Mātauranga Māori and western science
Mātauranga Māori and western science each have their own roles to play within our work. Likened to a braided river with many pathways. When they cross we have the opportunity to explore the knowledge systems together.
We apply what we know and learn to:
- environmental reporting
- developing legislation, regulations and policy.
The proposed National Policy Statement for Indigenous Biodiversity
Hutia te rito o te harakeke.
Kei hea te kōmako, e kō?
Kī mai ki ahau
He aha te mea nui o te ao?
Māku e kī atu
He tangata, he tangata, he tangata.
When the centre of the flax bush is picked
Where will the bellbird sing?
You ask me what is the greatest thing in the world?
My reply is
It is people, it is people, it is people
Hutia te Rito is the concept that underpins the proposed National Policy Statement for Indigenous Biodiversity.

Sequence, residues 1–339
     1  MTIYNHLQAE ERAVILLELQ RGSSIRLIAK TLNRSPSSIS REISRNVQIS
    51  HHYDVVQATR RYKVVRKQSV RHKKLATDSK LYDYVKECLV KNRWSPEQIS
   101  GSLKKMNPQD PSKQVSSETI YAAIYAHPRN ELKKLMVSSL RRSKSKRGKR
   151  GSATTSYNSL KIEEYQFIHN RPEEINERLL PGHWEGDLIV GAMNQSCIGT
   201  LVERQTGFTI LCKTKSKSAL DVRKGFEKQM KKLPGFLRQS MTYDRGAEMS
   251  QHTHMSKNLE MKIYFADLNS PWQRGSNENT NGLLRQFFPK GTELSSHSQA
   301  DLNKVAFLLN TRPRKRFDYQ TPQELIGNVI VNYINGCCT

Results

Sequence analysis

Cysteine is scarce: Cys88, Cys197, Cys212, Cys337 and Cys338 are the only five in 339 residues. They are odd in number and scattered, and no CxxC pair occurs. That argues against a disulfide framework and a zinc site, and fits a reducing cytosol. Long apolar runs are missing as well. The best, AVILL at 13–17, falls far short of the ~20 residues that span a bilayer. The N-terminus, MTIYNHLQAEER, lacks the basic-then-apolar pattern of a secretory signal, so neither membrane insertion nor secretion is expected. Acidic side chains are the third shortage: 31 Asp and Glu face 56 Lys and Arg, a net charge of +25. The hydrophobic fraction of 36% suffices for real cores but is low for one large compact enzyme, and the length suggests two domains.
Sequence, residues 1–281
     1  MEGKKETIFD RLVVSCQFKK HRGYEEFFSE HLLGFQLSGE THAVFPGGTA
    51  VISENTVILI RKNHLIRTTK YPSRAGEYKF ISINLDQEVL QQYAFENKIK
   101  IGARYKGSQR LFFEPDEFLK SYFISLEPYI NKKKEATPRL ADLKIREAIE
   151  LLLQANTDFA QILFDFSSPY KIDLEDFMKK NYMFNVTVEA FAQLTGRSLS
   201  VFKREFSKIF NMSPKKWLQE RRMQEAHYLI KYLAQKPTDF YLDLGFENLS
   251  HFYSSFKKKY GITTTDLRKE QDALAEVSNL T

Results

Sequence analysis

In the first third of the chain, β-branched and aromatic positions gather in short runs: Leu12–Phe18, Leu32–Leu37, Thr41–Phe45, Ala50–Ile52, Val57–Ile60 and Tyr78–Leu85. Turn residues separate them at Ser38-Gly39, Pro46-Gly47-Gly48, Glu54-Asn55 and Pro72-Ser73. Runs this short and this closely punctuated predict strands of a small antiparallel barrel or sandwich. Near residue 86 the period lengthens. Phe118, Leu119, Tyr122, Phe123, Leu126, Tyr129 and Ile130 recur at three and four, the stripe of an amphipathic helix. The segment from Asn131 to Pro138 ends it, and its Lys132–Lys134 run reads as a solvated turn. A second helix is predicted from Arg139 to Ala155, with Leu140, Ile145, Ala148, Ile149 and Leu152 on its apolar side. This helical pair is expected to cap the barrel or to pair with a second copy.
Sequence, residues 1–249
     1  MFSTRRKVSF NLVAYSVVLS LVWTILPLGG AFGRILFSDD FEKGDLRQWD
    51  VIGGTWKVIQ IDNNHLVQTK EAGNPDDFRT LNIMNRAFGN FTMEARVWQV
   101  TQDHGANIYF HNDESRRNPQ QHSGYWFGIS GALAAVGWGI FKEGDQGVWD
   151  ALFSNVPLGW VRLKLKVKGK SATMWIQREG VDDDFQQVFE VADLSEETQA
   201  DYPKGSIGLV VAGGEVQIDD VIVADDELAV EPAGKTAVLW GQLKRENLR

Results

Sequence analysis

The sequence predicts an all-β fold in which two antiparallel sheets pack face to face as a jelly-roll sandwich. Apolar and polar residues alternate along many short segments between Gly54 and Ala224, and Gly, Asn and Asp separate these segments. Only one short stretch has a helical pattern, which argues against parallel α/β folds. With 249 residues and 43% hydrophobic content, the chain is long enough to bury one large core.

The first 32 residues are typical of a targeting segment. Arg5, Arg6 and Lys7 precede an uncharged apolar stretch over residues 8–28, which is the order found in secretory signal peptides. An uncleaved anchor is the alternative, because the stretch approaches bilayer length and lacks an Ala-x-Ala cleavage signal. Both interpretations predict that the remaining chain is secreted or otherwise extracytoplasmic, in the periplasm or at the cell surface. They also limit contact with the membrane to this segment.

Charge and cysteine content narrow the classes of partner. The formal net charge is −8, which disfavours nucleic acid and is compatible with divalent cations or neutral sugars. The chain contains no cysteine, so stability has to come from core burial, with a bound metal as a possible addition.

- intrinsic connection of people to the environment
- connection between the heath of te taiao and the heath of people.
To apply this policy decision makers are asked to recognise:
- te hauora o te tangata (the health of the people)
- te hauora o te koiora (the health of indigenous biodiversity)
- te hauora o te taonga (the health of the species and ecosystems)
- te hauora o te taiao (the health of the wider environment).
Hutia te Rito also reflects Te Tiriti o Waitangi by providing greater involvement for Māori.
National Policy Statement for Freshwater Management 2020 and Te Mana o te Wai
Te Mana o te Wai was developed as an update to the National Policy Statement for Freshwater Management.
Te Mana o te Wai (the mana of water) is the integrated and holistic well-being of the water.
Some of the changes to the National Policy Statement for Freshwater Management
- Te Mana o te Wai is considered and recognised in freshwater management.
- Regional councils and communities, including tangata whenua, should work together.
- Decisions about freshwater management should be made with the health and well-being of water at the forefront.
- Recognise interactions ki uta ki tai (from the mountains to the sea) between land use and water throughout a catchment.
- Clearer explanation of what a healthier water body means for human health.